O'Rourke releases plan to bolster Social Security

O'Rourke releases plan to bolster Social Security
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Democratic presidential hopeful Beto O’Rourke has unveiled a multipronged plan to bolster Social Security, as the former Texas congressman seeks to gin up support for his lagging White House bid.

O'Rourke argued in his announcement that the plan is necessary in an age when Social Security increasingly comes up short in covering all of seniors’ costs, saying strengthening it would be a “top priority” of his administration. 


“Americans shouldn’t be forced to sacrifice their retirement security when they take time off from work to raise children, care for an aging parent or support a family member living with disabilities,” O’Rourke said. “We must bring bold, innovative solutions to make our economy work for every single American and ensure that hardworking parents and caregivers can support their loved ones and have what they need when they retire.”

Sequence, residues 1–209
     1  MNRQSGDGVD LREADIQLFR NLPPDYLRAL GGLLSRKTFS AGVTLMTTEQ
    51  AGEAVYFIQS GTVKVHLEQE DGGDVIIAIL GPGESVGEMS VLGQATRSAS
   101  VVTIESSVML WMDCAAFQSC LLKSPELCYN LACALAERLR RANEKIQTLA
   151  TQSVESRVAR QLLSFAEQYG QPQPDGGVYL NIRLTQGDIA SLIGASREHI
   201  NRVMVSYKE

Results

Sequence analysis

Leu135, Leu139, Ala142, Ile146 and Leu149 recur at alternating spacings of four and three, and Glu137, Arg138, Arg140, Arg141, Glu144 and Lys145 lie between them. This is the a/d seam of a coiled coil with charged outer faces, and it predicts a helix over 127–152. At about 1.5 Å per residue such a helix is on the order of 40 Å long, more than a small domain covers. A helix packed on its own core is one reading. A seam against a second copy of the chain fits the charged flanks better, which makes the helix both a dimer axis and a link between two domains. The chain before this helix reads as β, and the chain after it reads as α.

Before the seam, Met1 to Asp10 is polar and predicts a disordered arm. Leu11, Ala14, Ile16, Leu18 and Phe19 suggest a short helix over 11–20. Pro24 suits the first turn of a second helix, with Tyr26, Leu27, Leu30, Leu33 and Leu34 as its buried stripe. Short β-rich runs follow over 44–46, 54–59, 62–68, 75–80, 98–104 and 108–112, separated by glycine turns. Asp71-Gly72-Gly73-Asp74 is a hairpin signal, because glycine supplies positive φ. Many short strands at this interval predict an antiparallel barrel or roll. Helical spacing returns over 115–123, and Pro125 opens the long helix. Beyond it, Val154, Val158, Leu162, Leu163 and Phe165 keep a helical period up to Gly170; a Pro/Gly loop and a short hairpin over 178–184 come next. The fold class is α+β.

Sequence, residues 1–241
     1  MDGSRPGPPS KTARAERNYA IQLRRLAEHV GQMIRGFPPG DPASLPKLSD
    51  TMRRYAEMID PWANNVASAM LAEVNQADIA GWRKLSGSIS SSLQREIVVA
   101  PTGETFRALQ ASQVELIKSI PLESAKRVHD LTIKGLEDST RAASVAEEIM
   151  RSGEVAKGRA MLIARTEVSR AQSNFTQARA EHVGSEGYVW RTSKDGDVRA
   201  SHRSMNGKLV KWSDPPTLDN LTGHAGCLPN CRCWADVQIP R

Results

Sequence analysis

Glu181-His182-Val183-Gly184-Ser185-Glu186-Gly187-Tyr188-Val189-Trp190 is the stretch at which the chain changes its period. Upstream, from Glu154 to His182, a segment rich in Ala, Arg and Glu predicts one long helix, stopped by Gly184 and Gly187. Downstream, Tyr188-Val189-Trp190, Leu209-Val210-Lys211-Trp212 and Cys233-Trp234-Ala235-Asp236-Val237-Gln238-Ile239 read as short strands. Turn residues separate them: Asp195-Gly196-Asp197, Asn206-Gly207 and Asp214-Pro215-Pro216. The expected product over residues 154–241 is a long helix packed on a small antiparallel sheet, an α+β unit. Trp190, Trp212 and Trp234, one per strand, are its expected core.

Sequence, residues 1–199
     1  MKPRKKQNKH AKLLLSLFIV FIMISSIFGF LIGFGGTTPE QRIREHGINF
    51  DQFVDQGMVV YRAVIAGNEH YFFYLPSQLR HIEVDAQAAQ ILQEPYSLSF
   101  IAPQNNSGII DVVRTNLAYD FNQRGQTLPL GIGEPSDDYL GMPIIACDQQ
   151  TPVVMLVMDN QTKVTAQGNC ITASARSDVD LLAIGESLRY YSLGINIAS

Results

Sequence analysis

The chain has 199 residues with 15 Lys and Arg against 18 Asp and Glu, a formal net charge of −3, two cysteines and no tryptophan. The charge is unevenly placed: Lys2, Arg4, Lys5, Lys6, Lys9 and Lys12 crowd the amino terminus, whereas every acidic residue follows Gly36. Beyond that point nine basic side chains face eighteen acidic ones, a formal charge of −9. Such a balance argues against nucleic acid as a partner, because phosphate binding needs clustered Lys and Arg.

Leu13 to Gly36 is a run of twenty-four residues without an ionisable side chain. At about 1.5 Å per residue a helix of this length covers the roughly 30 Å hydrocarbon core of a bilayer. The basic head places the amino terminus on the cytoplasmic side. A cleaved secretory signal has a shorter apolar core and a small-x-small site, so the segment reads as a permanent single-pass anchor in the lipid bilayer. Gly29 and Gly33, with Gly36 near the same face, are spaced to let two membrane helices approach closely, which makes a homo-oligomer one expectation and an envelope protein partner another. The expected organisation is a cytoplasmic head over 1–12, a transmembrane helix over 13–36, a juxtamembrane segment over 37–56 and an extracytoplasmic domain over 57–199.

O’Rourke’s plan calls for a caregiver credit to Social Security that would grant Americans caring for a child under the age of 12 or a family member of any age who needs help performing daily activities a credit equivalent to 50 percent of the average earnings of a full-time, year-round worker. The credit, which O’Rourke says would reduce gender and racial gaps in Social Security benefits, could be collected for five years.

The Texas Democrat goes on to vow to champion the Social Security 2100 Act, which he co-sponsored in the House and would implement increases in Social Security benefits, lower taxes on those benefits and institute a higher minimum benefit to help low-income seniors. Seeking to further shift the burden off low-income recipients, O’Rourke would apply the Social Security tax to wages above $400,000 rather than $133,000.

O’Rourke said if he were elected his administration would also make it easier for people to collect social security benefits from deceased family members. The proposal would allow full-time students aged 22 years or younger to collect a deceased parent’s benefits and permit a surviving spouse to receive 75 percent of a couple’s combined retirement benefit after a partner’s death as long as it does not surpass the benefits of an average earner.

O’Rourke started the 2020 cycle strong, raising over $6 million in 2019’s first quarter, but has stagnated near the bottom of national and statewide primary polls in recent months and hauled in only $3.6 million in the second quarter of the year.